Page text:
By Russ and Tiña De Maris
There are thousands of RVers who make a living on the road. Perhaps the largest number of positions for these “work campers” is that of campground host. Others work as traveling company representatives, some deliver RVs. But finding the dead?
It’s not as quirky as it may seem off the top. Just ask Len Strozier. For 35 years Len’s calling was that of a minister, but acting as pastor to large numbers of folks eventually lead to burnout. Len had to find another way to make his daily bread. From close contact with the living, Len ended up having close contact with the dead. Strozier trained and developed the art of the use of ground penetrating radar (GPR), the science of using equipment that uses radar pulses to take “pictures” of what’s below ground.
Len describes himself as a “cemetarian,” someone interested in the history and preservation of cemeteries. He says he comes by it naturally. Len elaborates, “I’m not interested in the macabre, but the connection heritage.” As far back as he can remember, he’s been fascinated by final resting places, and enjoys helping to preserve them.
But those final resting places are getting harder to find. Between 2024 and 2042, around 76 million Americans will hit their average life expectancy of 78 years. If each wanted a burial plot, the graves alone (not to speak of access roads) would take up 130 square miles of land, an area the size of Las Vegas. There’s a finite limit as to how much space is available for gravesites, and they’re getting costly. The average one costs about $1,000, but Strozier cites one mid-Atlantic cemetery that demands $4,000 each – the space is getting so tight.
Here’s where Len’s vocation comes into play. As existing cemeteries “fill up,” Len contracts to come in and, using his high-tech radar equipment, he performs a complete survey of the grounds. He may locate previously unknown gravesites, which are plotted via the use of a GPS system, and then mapped. But of great importance to cemetery managers, he also locates where burials don’t exist. In one cemetery he confirmed 2,000 “open” spots that can be sold for future gravesites, enhancing the cemetery’s ability to provide a needed product. It may take a few days or even a month to map out a graveyard, and for as long as it takes, Len and his RV are parked right there in a most unusual “boondocking” location. “My RV is my hotel, my restaurant, my office, and my break room,” Len points out.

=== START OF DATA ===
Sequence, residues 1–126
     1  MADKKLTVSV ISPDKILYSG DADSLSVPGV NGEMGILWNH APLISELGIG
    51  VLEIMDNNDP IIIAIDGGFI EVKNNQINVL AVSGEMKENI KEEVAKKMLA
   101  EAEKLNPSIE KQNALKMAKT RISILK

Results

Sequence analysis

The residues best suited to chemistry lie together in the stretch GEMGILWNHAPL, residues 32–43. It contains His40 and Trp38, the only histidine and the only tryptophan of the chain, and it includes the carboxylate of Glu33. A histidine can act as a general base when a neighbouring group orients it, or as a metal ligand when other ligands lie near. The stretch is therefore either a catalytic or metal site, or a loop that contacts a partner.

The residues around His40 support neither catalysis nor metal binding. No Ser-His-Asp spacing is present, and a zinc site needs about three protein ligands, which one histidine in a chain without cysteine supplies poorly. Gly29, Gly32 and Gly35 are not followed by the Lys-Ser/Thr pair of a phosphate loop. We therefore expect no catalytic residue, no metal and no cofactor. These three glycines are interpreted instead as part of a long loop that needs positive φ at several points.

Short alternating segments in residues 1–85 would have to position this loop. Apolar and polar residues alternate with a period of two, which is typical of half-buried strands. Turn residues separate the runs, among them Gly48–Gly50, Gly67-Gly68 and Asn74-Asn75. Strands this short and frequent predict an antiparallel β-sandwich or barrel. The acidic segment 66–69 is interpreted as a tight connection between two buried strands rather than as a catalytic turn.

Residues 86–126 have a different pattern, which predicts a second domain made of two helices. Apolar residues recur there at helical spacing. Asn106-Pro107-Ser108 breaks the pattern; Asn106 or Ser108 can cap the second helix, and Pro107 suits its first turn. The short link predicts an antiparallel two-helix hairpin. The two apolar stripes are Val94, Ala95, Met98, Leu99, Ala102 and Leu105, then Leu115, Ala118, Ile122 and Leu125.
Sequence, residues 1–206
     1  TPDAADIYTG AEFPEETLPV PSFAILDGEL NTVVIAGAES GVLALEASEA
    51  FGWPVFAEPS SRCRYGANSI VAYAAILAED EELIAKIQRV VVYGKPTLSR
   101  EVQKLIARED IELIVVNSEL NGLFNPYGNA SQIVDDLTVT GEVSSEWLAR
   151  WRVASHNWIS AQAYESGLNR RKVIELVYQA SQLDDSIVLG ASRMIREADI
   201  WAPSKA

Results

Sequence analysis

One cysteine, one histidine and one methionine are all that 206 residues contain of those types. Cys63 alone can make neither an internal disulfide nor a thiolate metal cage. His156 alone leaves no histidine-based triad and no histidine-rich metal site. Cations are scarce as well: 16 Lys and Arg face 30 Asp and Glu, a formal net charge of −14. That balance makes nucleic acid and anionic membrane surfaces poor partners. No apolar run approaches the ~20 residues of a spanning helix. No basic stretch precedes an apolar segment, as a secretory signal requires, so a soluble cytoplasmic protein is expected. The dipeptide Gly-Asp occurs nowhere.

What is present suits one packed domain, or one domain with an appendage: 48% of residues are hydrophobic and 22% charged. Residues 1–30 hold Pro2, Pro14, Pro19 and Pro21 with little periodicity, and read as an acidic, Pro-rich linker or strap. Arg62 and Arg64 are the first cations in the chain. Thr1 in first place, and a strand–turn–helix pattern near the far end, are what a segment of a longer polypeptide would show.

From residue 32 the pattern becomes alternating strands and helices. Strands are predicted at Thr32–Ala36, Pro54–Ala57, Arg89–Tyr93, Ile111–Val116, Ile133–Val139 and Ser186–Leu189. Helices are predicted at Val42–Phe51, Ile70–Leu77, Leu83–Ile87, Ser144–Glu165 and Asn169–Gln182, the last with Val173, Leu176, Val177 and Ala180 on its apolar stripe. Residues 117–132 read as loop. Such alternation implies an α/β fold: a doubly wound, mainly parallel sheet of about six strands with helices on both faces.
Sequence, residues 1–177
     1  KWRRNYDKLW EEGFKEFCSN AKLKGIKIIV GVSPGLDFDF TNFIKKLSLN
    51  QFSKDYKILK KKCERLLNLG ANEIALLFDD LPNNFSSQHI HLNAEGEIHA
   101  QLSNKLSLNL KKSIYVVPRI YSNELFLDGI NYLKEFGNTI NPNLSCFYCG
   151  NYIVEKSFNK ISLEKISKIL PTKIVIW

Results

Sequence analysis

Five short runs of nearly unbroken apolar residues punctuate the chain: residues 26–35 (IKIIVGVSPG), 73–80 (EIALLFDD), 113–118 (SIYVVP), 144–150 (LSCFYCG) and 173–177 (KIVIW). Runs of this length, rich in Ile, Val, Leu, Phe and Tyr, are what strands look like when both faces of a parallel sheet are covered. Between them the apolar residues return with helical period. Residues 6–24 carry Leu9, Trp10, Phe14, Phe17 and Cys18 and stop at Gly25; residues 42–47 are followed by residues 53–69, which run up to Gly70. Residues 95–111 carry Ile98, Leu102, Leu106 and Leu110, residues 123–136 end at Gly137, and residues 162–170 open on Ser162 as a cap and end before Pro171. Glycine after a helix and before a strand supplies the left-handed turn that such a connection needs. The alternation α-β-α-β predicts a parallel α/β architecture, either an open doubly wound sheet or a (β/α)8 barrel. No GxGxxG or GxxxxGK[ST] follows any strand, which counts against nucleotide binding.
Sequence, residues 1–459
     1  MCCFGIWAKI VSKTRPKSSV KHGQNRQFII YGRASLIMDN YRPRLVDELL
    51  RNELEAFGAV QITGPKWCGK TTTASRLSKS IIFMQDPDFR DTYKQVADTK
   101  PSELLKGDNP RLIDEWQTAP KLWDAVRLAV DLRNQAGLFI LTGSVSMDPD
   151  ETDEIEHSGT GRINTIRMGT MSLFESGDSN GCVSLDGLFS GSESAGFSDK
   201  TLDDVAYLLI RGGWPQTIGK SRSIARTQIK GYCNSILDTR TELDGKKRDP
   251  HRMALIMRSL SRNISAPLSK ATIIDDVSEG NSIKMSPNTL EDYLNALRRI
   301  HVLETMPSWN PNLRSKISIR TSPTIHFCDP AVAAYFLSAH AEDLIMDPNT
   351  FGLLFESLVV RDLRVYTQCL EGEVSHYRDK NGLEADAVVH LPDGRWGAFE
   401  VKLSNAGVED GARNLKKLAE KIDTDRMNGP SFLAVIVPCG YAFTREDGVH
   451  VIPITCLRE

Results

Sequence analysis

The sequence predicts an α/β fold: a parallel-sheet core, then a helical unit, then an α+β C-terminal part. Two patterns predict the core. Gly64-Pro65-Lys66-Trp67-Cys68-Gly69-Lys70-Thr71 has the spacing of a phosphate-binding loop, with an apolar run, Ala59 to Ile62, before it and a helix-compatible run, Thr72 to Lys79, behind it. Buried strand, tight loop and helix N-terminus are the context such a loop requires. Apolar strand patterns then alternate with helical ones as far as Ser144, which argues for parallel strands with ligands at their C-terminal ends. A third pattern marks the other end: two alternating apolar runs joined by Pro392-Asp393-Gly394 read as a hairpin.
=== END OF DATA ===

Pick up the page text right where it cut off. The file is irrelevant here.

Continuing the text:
But grave location isn’t the only work that occupies Len Strozier’s professional time. He also helps municipalities locate “lost” underground utilities. He’s not always finding graves and pipes either, he recollects the time he once located a time capsule in Warm Springs, Georgia. There’s quite a history associated with that capsule. In April 1939, Franklin Delano Roosevelt had the capsule buried to celebrate the opening of a new wing at the local hospital. Sadly, someone else had previously found the capsule and looted it. Nevertheless, the piece of history was relocated by Len and his technology.
Head-hunting is also on Len’s resume. No, we’re not talking skulls here – well, maybe we are. Len needs RVers’ skulls that are still alive and well, and interested in getting involved in the grave location business. At present, Len is working on a potential contract with Uncle Sam’s Department of Veterans Affairs. The plan is that Len’s company, Omega Mapping Services, will send cemetarians to 49 VA cemeteries across the United States. The project doesn’t entail locating “missing” graves, so there wouldn’t be a need for using ground penetrating radar. Instead, the workers will work out the precise location of each grave marker in a given cemetery using GPS technology, then photograph that same marker. In the end, the VA would be provided a map and photo of each burial plot in the cemetery. A database of all those buried in VA cemeteries can be developed, making it easy for relatives and history buffs to locate the gravesites of anyone in the VA system.
Len’s looking for RVers interested in getting involved in the project. His company would provide the necessary training of the GPS equipment and provide the assignments. He’s quick to point out that those who take on this work would be using their RV as their place of business and would be able to use it as a tax deduction. He thinks it’s the perfect job for an RVer looking to make a living, and dry camp across the country.
Campground host? Caretaker? Add “cemetarian” to the list of unusual occupations that RVers can take on when they hit the road and make a living at the same time.
Learn more about Len Strozier’s unusual business by visiting his website.
Have an unusual way you make a living while RVing? We’d love to hear about it! Drop an email to us at Russ (at) RVtravel.com .
It never ceases to amaze me at the unusual ways that people can make money.